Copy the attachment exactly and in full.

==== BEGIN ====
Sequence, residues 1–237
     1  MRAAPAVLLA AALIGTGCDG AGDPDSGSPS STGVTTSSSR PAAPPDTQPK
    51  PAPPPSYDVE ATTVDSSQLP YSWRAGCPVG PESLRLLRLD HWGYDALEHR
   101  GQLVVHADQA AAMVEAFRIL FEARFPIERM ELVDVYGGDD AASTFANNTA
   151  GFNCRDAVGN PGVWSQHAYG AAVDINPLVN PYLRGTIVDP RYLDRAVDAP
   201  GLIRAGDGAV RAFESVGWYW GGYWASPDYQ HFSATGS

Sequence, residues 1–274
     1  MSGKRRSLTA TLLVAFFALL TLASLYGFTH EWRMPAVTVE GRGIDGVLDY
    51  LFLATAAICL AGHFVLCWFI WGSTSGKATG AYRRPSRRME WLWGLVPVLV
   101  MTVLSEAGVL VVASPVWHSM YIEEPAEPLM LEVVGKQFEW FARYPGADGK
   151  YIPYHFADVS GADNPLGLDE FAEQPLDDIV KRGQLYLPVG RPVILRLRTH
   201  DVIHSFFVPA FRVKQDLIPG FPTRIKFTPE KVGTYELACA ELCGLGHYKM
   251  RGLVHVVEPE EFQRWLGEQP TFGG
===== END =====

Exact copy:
Sequence, residues 1–237
     1  MRAAPAVLLA AALIGTGCDG AGDPDSGSPS STGVTTSSSR PAAPPDTQPK
    51  PAPPPSYDVE ATTVDSSQLP YSWRAGCPVG PESLRLLRLD HWGYDALEHR
   101  GQLVVHADQA AAMVEAFRIL FEARFPIERM ELVDVYGGDD AASTFANNTA
   151  GFNCRDAVGN PGVWSQHAYG AAVDINPLVN PYLRGTIVDP RYLDRAVDAP
   201  GLIRAGDGAV RAFESVGWYW GGYWASPDYQ HFSATGS

Sequence, residues 1–274
     1  MSGKRRSLTA TLLVAFFALL TLASLYGFTH EWRMPAVTVE GRGIDGVLDY
    51  LFLATAAICL AGHFVLCWFI WGSTSGKATG AYRRPSRRME WLWGLVPVLV
   101  MTVLSEAGVL VVASPVWHSM YIEEPAEPLM LEVVGKQFEW FARYPGADGK
   151  YIPYHFADVS GADNPLGLDE FAEQPLDDIV KRGQLYLPVG RPVILRLRTH
   201  DVIHSFFVPA FRVKQDLIPG FPTRIKFTPE KVGTYELACA ELCGLGHYKM
   251  RGLVHVVEPE EFQRWLGEQP TFGG